The second array element specifies the virtual address of the inaccessible data.

exception information

Fixed incorrect detection of unary operators

The expression (1<<5)+4 would be interpreted as incorrect because the + was treated as a unary operator. This has now been fixed!

Remove breakpoints when clearing the database

The dbclear command didn’t remove breakpoints from the process, causing some weird behavior if you hit a breakpoint anyway. This should now be fixed.

Fixed bug with searching in the memory map

A bug has been fixed in the findallmem command where the size argument was interpreted incorrectly and thus causing searching the entire process memory to fail.

Improvements to the breakpoint view

Pull requests #1359 by ThunderCls and #1346 by ner0x652 have added some improvements to the breakpoint view. You can now see if CIP is on the current breakpoint and the edit dialog will show the full symbolic address in the title.

breakpoint view

Find window in the attach dialog

You can now find a window by title in the attach dialog to attach to a process without knowing the PID. There is also a new config command that can be used by scripts to get/set configuration values. More details in pull request #1355.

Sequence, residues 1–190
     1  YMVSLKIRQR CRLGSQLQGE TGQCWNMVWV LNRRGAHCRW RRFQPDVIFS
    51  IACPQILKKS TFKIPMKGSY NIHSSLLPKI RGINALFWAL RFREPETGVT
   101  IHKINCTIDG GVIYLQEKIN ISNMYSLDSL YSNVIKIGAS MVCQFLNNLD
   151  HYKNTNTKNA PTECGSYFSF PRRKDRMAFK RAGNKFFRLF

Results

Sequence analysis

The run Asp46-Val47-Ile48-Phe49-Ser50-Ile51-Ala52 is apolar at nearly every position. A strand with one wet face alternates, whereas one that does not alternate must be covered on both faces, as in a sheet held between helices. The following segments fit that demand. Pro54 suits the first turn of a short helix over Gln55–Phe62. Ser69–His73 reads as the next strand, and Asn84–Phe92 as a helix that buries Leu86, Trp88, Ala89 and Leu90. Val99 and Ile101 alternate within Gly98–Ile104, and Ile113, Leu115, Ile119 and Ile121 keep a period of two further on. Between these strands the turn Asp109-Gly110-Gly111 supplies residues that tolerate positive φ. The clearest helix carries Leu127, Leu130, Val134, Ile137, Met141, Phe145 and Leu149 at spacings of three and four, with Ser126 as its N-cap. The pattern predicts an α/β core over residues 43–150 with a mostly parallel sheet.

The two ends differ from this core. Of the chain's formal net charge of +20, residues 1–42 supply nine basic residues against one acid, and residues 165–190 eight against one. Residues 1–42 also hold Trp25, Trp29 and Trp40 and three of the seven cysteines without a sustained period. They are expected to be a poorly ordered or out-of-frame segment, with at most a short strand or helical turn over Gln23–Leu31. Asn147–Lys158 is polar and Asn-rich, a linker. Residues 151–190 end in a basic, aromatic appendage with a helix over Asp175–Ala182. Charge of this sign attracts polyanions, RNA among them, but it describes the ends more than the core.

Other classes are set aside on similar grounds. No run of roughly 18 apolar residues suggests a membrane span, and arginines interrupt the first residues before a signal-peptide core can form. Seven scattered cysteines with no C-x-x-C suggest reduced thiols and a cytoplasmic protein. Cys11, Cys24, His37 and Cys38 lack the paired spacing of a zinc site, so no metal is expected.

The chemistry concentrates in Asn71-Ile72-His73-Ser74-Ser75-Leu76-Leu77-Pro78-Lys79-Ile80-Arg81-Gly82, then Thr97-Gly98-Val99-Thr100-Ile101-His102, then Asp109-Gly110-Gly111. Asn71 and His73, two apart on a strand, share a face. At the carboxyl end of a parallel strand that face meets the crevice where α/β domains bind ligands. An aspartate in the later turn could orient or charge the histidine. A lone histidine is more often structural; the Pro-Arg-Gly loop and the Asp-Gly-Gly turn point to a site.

attach dialog

Usual stuff

Thanks a lot to all the contributors!

That has been about it for this time again. If you have any questions, contact us on Telegram, Gitter or IRC. If you want to see the changes in more detail, check the commit log.

You can always get the latest release of x64dbg here. If you are interested in contributing, check out this page.

Finally, if someone is interested in hiring me to work on x64dbg more, please contact me!


Type system

This week there wasn’t much going on in the codebase and therefore I decided to skip the weekly digest and write a more substantial post, this time about the type system.

The goal of the type system is to provide a more powerful view of memory than just a linear stream of bytes. It can be used to visualize structures and it also supports function definitions that will be used later. Hopefully it’s an interesting read!